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New Jersey Theater Troupe Acts Out Dangers of Addiction

Students in the Garden State can see the drama of drug and alcohol addiction unfold before their eyes.

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The Players in action. Photo via

By John Lavitt

07/02/14

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Can a true awareness about the dangers of alcohol and drug abuse be generated for students by putting on a skit? Lynn Bratley, founder and Artistic Director of the Improbable Players, believes artists and performers can be successful and truly help on the front lines of this battle.

In an age when kids receive so much sensationalistic information about drugs and alcohol from the tabloid media, the mission of the Improbable Players has been “to set the stage for prevention by educating the public about addiction and recovery through dramatic performances and theater workshops—presented by actors who are in long-term recovery from addictions—that help people recognize situations in their own lives and seek the help they need.”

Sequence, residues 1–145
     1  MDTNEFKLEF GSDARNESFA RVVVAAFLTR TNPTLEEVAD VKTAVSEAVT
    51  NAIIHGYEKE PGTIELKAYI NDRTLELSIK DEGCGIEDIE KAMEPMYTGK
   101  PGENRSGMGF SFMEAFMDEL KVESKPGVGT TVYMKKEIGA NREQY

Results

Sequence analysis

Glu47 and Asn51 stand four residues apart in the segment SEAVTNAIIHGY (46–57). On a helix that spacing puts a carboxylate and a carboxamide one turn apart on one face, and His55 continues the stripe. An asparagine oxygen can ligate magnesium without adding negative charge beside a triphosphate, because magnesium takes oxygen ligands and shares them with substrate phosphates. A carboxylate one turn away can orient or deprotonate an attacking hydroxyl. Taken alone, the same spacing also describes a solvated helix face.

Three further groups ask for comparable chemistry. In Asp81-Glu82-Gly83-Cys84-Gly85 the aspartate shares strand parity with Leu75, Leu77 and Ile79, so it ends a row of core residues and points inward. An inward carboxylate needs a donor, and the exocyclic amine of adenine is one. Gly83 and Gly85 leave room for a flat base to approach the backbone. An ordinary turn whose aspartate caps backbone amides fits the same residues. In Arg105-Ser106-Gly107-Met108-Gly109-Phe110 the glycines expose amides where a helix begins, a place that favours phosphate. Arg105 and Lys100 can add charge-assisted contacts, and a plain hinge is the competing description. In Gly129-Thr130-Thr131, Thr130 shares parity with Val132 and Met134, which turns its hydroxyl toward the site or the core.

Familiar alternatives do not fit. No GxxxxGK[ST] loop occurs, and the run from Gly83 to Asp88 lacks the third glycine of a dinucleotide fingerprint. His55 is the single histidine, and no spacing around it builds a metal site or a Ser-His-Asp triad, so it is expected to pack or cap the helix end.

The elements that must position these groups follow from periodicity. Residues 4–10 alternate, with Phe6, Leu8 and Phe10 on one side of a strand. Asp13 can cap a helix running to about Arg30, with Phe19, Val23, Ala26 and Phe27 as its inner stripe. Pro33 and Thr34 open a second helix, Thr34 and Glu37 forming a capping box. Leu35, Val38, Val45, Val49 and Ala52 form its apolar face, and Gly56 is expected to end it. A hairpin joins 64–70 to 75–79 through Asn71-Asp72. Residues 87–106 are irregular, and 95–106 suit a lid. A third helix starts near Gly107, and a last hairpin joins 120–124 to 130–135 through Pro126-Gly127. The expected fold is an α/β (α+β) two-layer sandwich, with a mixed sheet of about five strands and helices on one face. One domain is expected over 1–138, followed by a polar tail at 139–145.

In early June of 2014, the company of the Improbable Players once again put Bratley’s theory to the test when they performed in the Memorial Middle School’s gymnasium in Woodland Park, N.J. The production showcased the talents of actors who are recovering addicts and alcoholics. By combining laughter with the goal of raising awareness about the dangers of alcoholism and addiction, the Improbable Players managed to capture the attention of the students while passing on a vital message.

The performance by the Improbable Players was sponsored by the Woodland Park Municipal Alliance against Drugs and Alcohol. A guidance counselor who coordinated the event, Kerry McGlame explained, "This is the second time the troupe came to this school. They are a talented bunch and we were very lucky they came by again. The students were very engrossed with all the scenarios played out here today. The actors travel the country with different performances and role playing workshops."

Performing a skit called "Snapshots of a Family,"  the actors revealed in a visceral fashion the devastating effects that alcoholism and addiction can have on a family. Afterwards, they gave personal testimonials about their own experiences as addicts and alcoholics, detailing how they eventually found the road to recovery. To further engage the students, a question and answer period was held where anything could be asked. At the end of the session, it was clear the students as a whole had been moved by the realistic and heartbreaking messages conveyed.

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